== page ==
2 Mother Theresa

3 Leonardo DaVinci

4 Sakamoto Ryoma

5 Mozart

6 Cleopatra

7 Einstein

8 Michael Jackson

9 Oda Nobunaga

10 Columbus

11 Gaudi

12 Nightengale

13 Miyazawa Kenji

14 Christ

15 Shokatsu Koumei

16 Galileo

17 Marco Polo

18 Tezuka Osamu

19 Napoleon

20 Picasso

21 Chaplin

22 Matsushita Konosuke

23 Anna Pavlova

24 Steve Jobs

25 Beethoven

26 Edogawa Rampo

27 Helen Keller

28 Buddha

29 Darwin

30 Shakespeare

31 Joan of Arc

32 Souichirou Honda

33 Ghengis Khan

34 Lincoln

35 Agatha Christie

36 Naomi Uemura

37 Marie Curie

38 Elizabeth 1st

39 Ayrton Senna

40 Wright Brothers

41 “Martin Luther King

42 Eiji Tsuburaya

43 Jean-Henri Fabre

44 Grimm Brothers

45 Alexander the Great

46 Andou Momofuku

47 Ghandi

48 Yuri Gagarin

49 Anne Frank

50 Che Guevara

An early look at Kit #35


Gakken’s Otona no Kagaku Facebook page has two new videos of the 2-cylinder steam engine. I put the first video in the What’s New Page. I’ll put the second one here. The key points for this engine are that the pistons are movable, so you can position them as you like to see how well they work; and it’s a bit messy. The kit needs a mat right now to collect the water that drips out. Maybe they’ll fix that in the final release. Still, it runs fast and it looks cool. I’m waiting to see what Gakken plans on hooking up to it.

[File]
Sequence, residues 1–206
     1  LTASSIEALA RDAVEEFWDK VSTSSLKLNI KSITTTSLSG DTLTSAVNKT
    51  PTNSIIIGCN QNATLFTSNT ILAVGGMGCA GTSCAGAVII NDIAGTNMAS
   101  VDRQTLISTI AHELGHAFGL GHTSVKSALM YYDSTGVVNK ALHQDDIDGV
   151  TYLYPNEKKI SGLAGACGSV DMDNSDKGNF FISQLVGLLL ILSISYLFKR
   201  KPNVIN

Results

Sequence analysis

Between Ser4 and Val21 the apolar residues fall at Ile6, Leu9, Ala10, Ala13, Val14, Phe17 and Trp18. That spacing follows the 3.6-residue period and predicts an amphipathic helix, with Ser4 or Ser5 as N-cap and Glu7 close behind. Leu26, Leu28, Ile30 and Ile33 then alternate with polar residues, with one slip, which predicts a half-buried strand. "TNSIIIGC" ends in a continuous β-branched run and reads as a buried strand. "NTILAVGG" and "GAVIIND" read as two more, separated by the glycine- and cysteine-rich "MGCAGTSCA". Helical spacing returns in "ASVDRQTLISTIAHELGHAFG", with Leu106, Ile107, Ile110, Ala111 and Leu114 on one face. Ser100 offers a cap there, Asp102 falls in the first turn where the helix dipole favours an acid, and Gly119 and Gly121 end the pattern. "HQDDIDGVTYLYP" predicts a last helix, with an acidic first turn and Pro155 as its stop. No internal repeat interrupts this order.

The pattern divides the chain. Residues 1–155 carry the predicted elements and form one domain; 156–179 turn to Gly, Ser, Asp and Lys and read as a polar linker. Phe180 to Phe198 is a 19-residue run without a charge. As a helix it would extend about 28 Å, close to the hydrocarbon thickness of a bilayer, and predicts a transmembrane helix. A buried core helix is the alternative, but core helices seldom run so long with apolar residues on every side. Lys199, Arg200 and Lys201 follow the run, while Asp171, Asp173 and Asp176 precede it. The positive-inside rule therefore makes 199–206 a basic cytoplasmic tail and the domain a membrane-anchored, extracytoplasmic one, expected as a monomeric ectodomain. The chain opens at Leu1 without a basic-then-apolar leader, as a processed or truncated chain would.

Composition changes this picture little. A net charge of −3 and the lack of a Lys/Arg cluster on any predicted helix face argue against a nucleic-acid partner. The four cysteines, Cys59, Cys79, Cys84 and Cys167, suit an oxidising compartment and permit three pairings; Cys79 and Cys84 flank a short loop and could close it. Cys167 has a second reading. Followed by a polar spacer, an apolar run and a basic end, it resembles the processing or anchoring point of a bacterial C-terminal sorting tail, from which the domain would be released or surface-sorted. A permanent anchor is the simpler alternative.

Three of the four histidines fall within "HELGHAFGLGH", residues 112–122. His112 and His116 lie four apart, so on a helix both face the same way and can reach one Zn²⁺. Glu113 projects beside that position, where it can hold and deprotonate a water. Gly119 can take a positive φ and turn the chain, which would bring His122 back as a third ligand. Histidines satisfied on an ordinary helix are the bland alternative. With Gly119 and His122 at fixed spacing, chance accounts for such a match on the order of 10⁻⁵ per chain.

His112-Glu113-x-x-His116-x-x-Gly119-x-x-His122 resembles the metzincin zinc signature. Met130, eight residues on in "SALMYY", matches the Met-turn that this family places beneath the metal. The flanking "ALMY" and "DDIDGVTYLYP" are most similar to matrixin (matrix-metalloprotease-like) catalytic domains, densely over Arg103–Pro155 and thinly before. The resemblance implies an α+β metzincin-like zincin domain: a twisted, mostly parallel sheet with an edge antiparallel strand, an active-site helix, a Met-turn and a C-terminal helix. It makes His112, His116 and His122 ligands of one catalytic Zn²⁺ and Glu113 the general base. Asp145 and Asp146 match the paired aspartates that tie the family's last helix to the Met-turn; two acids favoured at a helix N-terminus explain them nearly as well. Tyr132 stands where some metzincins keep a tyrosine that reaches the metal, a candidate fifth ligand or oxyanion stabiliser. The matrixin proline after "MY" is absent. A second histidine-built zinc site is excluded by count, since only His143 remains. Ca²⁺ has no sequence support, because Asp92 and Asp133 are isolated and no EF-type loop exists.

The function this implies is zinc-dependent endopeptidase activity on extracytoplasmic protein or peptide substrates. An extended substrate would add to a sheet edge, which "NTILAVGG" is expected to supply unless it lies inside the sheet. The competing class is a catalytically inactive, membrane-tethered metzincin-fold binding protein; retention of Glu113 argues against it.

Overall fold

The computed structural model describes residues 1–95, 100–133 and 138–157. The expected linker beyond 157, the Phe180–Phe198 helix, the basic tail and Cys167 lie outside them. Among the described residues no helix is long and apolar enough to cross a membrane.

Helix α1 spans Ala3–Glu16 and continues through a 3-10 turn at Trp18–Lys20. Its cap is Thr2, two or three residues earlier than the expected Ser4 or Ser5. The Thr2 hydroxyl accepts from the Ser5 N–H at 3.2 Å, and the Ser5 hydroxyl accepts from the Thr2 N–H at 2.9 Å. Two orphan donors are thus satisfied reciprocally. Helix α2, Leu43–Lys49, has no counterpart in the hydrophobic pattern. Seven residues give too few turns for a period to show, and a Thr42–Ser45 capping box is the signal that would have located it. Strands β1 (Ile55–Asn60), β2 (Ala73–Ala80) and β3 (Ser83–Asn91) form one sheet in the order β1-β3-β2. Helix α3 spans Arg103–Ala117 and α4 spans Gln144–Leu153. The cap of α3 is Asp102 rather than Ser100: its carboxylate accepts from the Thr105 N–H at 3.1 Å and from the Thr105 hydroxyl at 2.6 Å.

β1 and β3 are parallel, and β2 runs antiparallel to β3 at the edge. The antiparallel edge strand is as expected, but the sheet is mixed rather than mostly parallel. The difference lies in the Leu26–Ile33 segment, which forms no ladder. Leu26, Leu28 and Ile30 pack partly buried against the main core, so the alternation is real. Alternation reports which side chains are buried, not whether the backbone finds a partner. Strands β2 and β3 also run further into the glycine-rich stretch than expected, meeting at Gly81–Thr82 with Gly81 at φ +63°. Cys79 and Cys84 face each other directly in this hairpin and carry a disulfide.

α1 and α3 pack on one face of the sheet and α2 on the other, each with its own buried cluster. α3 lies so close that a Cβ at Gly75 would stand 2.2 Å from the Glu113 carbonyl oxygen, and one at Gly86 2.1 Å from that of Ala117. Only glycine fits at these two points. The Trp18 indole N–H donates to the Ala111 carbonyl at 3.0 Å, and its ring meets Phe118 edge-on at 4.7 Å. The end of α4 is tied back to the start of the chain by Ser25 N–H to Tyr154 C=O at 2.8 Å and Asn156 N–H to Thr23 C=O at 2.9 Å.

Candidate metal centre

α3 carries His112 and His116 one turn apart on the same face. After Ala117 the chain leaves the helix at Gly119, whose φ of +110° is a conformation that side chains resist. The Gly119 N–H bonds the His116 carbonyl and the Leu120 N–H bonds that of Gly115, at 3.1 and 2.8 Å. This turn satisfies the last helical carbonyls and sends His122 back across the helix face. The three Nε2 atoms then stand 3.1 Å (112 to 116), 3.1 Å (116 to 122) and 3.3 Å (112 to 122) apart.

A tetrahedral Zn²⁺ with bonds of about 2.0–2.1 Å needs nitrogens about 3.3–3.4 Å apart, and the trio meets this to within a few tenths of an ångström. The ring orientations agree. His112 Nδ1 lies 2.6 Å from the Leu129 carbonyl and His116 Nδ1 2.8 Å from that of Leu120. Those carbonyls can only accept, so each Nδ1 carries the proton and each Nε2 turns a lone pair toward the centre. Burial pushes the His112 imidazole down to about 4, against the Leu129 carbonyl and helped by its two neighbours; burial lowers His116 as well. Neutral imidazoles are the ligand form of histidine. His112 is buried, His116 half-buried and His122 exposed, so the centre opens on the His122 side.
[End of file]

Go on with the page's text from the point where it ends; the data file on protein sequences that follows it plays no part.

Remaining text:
Yoshitoo Asari’s early Science Manga


Yoshitoo Asari, as I’ve mentioned a few times, is the manga artist responsible for bringing us Space Family Carlvinson, and Lucu Lucu.  He got his start in the 1970’s working for Gakken Publishing, producing the Manga Science series for their school children science publication.  As part of the Otona no Kagaku Delta Twister, kit #34 mook, Gakken reprinted one of Asari’s Manga Science chapters – Air Resistance: Friend or Foe. After posting the review of the kit on my Otona no Kagaku review blog, I decided to attack this manga to understand the story.  Check out the link to Pages on the right.